Tony Chocolonely was started by a Dutch journalist – no chocolate making experience just a desire to eradicate child forced labour in the world’s greatest producing cocoa bean countries. Tony’s story starts with him investigating the big multinationals who manufacture and sell chocolate, who in 2001 were signatories to the non-binding Harkin and Engel Protocol aimed at eradicating the worst forms of child labour from the supply chain of cocoa within 5 years. In 2005, Tony investigated the progress that had been made and realised that nothing had been achieved. At that point he took his case to court but instead of taking action against the large conglomerates, he asked the judge to arrest him because through the simple action of purchasing and consuming chocolate he was complicit in the criminal activities occurring in the supply chain, namely the forced child labour. Whilst this case failed in court, Tony was inspired to take matters into his own hands and make changes from within. Tony Chocolonely was born with a mission to create 100% slave free chocolate. Within a few short years after launch they became the market leaders in chocolate sales in the Netherlands and today their chocolate is available in more than 20 countries. Whilst there is still much to do to eradicate slave labour on the cocoa plantations, Tony Chocolonely has made great progress in raising awareness, leading by example, and inspiring other chocolate producers to act.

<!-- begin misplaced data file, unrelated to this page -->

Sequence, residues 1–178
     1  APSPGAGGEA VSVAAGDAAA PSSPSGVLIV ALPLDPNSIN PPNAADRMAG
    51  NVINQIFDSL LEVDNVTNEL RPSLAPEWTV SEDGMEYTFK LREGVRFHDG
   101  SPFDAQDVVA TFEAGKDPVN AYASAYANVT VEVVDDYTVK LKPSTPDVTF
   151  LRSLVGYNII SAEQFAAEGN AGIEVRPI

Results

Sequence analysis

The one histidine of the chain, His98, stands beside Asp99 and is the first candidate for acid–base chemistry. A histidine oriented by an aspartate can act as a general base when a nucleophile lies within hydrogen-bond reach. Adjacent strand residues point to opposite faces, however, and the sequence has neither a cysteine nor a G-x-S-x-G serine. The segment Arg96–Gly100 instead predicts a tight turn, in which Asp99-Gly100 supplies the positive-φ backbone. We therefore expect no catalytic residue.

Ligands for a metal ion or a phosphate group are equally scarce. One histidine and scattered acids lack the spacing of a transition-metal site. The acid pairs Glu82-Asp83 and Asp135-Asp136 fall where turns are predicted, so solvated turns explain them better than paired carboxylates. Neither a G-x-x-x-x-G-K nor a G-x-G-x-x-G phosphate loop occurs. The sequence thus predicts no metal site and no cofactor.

Sadly, this problem is also ever present in the coffee growing industry with some experts estimating that 20% of children in coffee growing countries fall victim to labour exploitation in coffee cultivation. Aiming for traceability of beans, paying a higher price, supporting strong farmers, looking at the long term and focussing on quality and productivity are key themes not just in the chocolate industry but across the coffee industry too. This mission is key to many of the Australian roasters on Acuratore and they like Tony Chocolonely are trying to make small and incremental changes. We are not seeing this kind of leadership from the big multinationals that import the vast majority of green beans but there are some brave small businesses out there doing their bit to improve the plight of all coffee workers. Consumers need to be able to make informed decisions regarding their purchases and raising awareness of the issue is the very first step. Don’t be complicit in the exploitation of coffee workers both paid and unpaid. Vote with your wallets and support those who support the disenfranchised.
If you would like to know more about Tony Chocolonely check out their website: Tony's Chocolonely (tonyschocolonely.com)